SJC places safeguards on use of cellphone ‘tower dumps’
Court requires a search warrant to obtain data
THE SUPREME JUDICIAL COURT will allow the police to continue using “tower dumps,” requests for broad swaths of cellphone data, despite pleas from privacy activists to eliminate the practice. But the state’s highest court, in a unanimous 52-page ruling issued Friday, agreed with advocates that a “tower dump” is considered a seizure that intrudes on someone’s right to privacy, and put in place new safeguards regarding how they can be used, including a new requirement that the police obtain a search warrant.
“Henceforth, before acquiring and analyzing a series of tower dumps, the Commonwealth must obtain a warrant from a judge,” wrote Justice Frank Gaziano.
Requiring a judge – not a magistrate – to issue a search warrant is the same standard used to apply for a warrant for a wiretap or a body cavity search, which are considered the most invasive types of searches. Under the SJC ruling, the warrant must also include “protocols for the prompt and permanent disposal of any and all data that does not fit within the object of the search following the conclusion of the prosecution.”
The data disposal requirement is meant to address what Gaziano described as “the potential invasions of privacy that could befall those innocent and uninvolved third parties” whose data could be uncovered by the search.
“Unlike defendants in criminal cases, these individuals may never know that their [cell site location information] was provided to law enforcement, let alone be able to exercise any sort of control or oversight over how their data is used,” Gaziano wrote. “Such a situation presents far too great a risk of unwarranted invasions of privacy, whether intentional or inadvertent, malicious or innocent.”
The ruling will not apply retroactively, but only to new or currently active cases.
Jessie Rossman, managing attorney at the ACLU of Massachusetts, which had argued that more safeguards are needed on the police use of tower dumps, called the ruling “a groundbreaking decision that provides crucial privacy protections for people in Massachusetts.” “The message is clear: If the police use tower dumps over multiple days to identify someone they believe to have committed crimes, they must first get a warrant, and they must promptly discard any data they acquire from those tower dumps about people other than the target,” Rossman said.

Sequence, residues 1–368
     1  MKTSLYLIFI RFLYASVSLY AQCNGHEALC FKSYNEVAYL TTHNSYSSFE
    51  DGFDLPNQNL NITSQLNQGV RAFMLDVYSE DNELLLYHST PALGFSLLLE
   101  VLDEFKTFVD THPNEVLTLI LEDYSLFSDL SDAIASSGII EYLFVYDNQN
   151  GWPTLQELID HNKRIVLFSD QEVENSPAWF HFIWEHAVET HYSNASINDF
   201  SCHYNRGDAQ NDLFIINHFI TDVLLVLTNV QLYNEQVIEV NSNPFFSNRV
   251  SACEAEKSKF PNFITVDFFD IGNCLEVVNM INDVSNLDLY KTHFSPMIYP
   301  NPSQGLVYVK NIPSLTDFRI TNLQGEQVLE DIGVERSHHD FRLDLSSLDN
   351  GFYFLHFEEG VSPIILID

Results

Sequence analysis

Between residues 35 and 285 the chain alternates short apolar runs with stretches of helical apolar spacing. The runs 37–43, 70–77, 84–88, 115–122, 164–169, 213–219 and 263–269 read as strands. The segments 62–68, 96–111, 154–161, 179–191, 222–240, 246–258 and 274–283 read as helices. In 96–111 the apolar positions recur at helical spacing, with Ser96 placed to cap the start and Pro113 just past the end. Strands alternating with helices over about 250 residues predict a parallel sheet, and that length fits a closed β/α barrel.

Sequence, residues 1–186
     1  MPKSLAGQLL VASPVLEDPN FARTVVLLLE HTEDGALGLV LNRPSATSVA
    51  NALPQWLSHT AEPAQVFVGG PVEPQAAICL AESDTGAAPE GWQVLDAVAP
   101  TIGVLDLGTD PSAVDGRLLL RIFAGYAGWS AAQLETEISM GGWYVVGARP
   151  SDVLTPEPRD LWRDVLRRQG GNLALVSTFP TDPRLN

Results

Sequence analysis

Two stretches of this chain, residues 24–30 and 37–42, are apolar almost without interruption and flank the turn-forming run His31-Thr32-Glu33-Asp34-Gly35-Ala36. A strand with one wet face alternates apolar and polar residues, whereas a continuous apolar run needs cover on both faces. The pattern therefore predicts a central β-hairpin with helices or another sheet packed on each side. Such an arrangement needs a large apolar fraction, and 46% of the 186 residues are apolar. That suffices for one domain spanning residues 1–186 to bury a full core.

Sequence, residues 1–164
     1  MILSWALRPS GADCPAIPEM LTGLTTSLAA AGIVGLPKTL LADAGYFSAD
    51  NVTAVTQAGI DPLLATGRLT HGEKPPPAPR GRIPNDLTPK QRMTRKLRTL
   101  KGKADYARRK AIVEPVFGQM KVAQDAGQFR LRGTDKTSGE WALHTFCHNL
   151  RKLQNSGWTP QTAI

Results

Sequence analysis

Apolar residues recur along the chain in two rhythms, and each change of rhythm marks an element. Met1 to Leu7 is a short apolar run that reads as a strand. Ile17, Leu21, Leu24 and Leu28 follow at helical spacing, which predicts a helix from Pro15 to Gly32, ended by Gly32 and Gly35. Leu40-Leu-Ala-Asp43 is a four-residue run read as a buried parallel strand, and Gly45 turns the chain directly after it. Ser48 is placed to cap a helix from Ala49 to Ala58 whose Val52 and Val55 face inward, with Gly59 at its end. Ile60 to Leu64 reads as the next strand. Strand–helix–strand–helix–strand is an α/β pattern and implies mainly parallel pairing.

Nathan Freed Wessler, deputy director of the ACLU’s Speech, Privacy, and Technology Project, said in a statement that the SJC’s decision “solidifies the Massachusetts Supreme Judicial Court’s role as a leading voice on privacy in the digital age.”
Suffolk District Attorney Kevin Hayden, whose office prosecuted the case, said criminal investigations, like all aspects of modern life, are affected by constant advancements in technology. “While this decision does not impact our ability to move forward on the underlying case, it brings clarity to how law enforcement agencies can go about collecting technological evidence they deem important to an investigation,” Hayden said. “We welcome that clarity.”
The case stemmed from an investigation into six armed robberies in stores in Boston, Canton, and Cambridge. On a seventh occasion, a perpetrator fatally shot a Boston store clerk during an attempted robbery. The police believed the same perpetrator, along with a getaway driver, conducted all the robberies, so they obtained search warrants for cellphone data from towers near the robberies to identify anyone who had been in the vicinity of all the robberies at the times they occurred. There was one warrant obtained for the four earliest robberies, and a separate warrant for the two later robberies and the homicide.
The police obtained information about 50,951 unique phone numbers and identified Jerron Perry and Gregory Simmons as suspects. After additional investigation, the men were arrested. Perry contested the use of the tower dump data as evidence, arguing that the warrant was too broad and infringed on his privacy rights.
Gaziano wrote that using the cellphone data to track Perry’s location on several days, determine his identity, and discover who he was calling implicates his constitutional right to privacy, since it “provided investigators with information of a highly personal and private nature” that they could not have gotten through other techniques.In the case of the two later robberies and the shooting, the court found that the police had reason to believe that the perpetrator communicated with a getaway car driver, so there was probable cause to believe that cellphone data could be used to identify a suspect. However, in the earlier robberies, the police had no evidence a cellphone was used to commit the crimes, and a general assumption that people carry cellphones is not enough to establish probable cause.
The court rejected arguments by privacy advocates that tower dumps should only be used to identify a particular suspect’s movements. The court said tower dumps can be used in a case like this to identify an unknown suspect.